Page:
With most imported holiday season merchandise already here, inbound cargo volume at the nation's major container ports is expected to slow during the remainder of 2023.

Will JOANN Facing Bankruptcy Be the End for the Retailer?

Senior LP & AP Jobs Market

Senior Manager AP job posted for the Walt Disney Company in Glendale, CA
You will lead and manage North America processes and programs to protect company assets, people and brand. Our mission for this role is to provide an operational focus on workplace and physical security programs, profit protection and investigations. You will report to the Consumer Products, Games and Publishing Executive Director, Global Asset Protection and Safety. jobs.disneycareers.com

Last week's #1 article --

San Francisco DA is Waging War on Retail Criminals
'Brazen retail theft is over,' declares DA Jenkins after jury convicts burglar
A San Francisco jury
convicted a man of burglary for a 2021 smash-and-grab incident at a Market Street Walgreens, prosecutors said Thursday. Daron Wilson, 23, faces up to three years and eight months in state prison, the San Francisco District Attorney's Office said. His sentencing is scheduled for Nov. 30.

The era of consequence-free-smash-and-grabs and brazen retail theft is over," District Attorney Brooke Jenkins said in a statement. "This jury's verdict sends a loud and clear message that this behavior will not be tolerated and that those who seek to engage in this conduct will be held accountable and face consequences. My office takes these cases seriously and will prosecute them accordingly."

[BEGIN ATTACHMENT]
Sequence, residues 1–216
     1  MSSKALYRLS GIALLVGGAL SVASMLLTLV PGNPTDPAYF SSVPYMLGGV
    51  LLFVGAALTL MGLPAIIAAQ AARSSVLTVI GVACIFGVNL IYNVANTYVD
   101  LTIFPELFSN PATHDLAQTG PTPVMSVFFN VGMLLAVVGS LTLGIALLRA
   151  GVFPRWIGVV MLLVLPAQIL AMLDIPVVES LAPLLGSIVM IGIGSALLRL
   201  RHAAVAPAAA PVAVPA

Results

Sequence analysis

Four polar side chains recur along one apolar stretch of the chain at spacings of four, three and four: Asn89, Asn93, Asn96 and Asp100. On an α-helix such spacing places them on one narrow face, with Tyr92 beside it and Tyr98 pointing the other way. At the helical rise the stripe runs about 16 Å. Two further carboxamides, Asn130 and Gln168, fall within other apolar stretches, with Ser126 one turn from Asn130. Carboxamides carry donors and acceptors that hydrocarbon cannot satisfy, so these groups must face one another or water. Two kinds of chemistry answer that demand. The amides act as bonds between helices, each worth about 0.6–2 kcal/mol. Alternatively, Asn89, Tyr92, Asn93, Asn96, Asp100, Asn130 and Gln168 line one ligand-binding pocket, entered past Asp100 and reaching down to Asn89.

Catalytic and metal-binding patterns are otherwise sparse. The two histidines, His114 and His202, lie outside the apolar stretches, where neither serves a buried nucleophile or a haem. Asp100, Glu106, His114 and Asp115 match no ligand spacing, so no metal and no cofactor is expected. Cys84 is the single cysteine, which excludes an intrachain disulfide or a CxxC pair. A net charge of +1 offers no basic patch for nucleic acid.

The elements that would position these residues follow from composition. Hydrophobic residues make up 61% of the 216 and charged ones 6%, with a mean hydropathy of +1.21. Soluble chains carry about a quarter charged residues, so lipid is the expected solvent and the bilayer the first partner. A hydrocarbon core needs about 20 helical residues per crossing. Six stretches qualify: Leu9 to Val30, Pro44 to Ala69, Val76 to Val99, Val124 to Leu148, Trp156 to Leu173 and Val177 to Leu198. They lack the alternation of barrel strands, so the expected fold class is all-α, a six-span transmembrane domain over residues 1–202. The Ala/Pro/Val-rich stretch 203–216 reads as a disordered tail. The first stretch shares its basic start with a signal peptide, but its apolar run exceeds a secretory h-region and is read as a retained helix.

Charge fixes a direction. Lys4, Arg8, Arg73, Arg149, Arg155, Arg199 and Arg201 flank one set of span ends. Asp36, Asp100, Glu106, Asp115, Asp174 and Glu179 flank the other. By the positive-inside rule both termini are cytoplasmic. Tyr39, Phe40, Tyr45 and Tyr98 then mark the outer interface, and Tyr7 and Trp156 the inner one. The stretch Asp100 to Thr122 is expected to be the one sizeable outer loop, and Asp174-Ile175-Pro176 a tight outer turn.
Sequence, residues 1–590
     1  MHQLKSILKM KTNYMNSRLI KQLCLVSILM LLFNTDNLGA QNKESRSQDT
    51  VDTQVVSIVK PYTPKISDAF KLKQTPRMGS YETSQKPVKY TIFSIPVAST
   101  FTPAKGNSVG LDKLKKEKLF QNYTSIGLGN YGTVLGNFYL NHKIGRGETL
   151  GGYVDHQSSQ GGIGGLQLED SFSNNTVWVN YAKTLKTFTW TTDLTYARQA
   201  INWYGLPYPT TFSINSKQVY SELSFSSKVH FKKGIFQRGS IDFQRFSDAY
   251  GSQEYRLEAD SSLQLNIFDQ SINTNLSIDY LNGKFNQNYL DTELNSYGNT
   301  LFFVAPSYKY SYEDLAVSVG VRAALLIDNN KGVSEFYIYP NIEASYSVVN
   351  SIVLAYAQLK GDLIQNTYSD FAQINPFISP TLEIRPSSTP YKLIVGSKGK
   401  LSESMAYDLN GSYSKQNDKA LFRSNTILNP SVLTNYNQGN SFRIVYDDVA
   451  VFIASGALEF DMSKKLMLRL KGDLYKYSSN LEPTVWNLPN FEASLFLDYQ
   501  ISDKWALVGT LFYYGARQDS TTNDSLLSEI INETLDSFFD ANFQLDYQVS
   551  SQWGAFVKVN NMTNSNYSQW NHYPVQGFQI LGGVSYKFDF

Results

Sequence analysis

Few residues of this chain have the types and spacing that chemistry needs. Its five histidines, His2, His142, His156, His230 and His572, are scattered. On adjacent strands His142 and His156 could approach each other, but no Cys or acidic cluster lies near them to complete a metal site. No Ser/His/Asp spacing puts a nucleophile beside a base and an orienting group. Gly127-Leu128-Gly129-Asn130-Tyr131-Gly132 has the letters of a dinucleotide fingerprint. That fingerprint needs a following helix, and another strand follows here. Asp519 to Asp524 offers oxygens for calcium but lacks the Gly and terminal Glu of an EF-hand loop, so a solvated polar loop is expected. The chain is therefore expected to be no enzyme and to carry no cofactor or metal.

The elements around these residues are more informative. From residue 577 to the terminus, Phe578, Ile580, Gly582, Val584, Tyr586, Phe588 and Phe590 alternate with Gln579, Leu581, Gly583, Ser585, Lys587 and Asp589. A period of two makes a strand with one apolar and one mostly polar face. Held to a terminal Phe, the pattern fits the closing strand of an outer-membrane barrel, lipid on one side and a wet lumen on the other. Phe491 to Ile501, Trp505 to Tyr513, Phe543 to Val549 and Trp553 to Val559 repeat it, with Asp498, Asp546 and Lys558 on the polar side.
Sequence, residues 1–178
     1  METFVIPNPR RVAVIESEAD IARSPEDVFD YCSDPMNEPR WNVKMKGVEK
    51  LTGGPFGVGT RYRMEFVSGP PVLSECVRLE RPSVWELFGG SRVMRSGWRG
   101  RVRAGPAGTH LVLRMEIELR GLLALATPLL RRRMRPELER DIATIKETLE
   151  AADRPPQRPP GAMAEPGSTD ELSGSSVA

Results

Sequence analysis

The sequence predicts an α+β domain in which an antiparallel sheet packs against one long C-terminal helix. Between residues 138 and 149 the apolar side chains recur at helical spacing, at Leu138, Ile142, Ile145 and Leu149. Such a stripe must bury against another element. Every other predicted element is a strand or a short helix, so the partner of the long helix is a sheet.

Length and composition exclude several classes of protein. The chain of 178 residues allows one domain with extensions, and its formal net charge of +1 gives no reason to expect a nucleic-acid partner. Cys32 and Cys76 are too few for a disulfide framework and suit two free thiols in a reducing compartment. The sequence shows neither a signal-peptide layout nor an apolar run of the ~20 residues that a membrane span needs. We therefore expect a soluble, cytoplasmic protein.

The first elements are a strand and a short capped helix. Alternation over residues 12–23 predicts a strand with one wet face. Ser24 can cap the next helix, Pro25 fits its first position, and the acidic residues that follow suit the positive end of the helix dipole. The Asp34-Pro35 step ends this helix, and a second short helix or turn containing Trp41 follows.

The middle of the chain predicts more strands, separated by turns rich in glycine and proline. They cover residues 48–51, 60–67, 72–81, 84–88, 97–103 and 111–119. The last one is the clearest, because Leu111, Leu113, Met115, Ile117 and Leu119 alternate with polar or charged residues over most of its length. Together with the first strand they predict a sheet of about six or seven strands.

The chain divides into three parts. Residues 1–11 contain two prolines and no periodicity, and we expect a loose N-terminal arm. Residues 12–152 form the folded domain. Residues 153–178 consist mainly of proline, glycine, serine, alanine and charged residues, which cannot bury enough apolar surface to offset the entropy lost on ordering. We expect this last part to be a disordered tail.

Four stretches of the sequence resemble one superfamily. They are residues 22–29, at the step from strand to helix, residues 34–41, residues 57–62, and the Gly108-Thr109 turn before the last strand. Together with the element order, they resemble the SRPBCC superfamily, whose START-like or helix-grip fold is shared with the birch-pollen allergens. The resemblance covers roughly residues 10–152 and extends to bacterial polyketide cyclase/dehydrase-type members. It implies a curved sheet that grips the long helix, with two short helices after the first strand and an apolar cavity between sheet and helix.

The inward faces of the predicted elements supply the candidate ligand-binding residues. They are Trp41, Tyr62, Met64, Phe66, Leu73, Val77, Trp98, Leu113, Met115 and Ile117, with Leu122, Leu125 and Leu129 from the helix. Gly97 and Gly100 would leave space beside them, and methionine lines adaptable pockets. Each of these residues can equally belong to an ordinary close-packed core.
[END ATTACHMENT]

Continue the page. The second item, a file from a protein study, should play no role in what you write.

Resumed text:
In a separate case, on Oct. 16,
Jenkins announced felony burglary charges against five suspects in connection with a mass retail theft scheme that targeted a Walgreens store on the 900 block of Geneva Avenue in October.  sfchronicle.com

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'Retail Crime Uncovered' Podcast Presented by Sekura

Stream Episode 5 Now:
'Smoke and Mirrors: Shopworker's Experiences of Prolific Offenders and the Shoplifting Epidemic'

From the shop floor to the court room: Each episode will share insight, stories and solutions from guests including the police, LP/AP professionals, store employees, and security experts.


As part of Respect for Shopworkers Week, Emmeline Taylor, Professor of Criminology, spoke to employees working in grocery stores across the UK.

They speak frankly about the challenges and impact of prolific shoplifters, violence and abuse that is sadly a reality for many shop staff, particularly those working in city-centre locations. The interviewees bring to life the shoplifting 'epidemic', and highlight issues relating to criminal exploitation, the brazen market for stolen goods and, of course, the police response.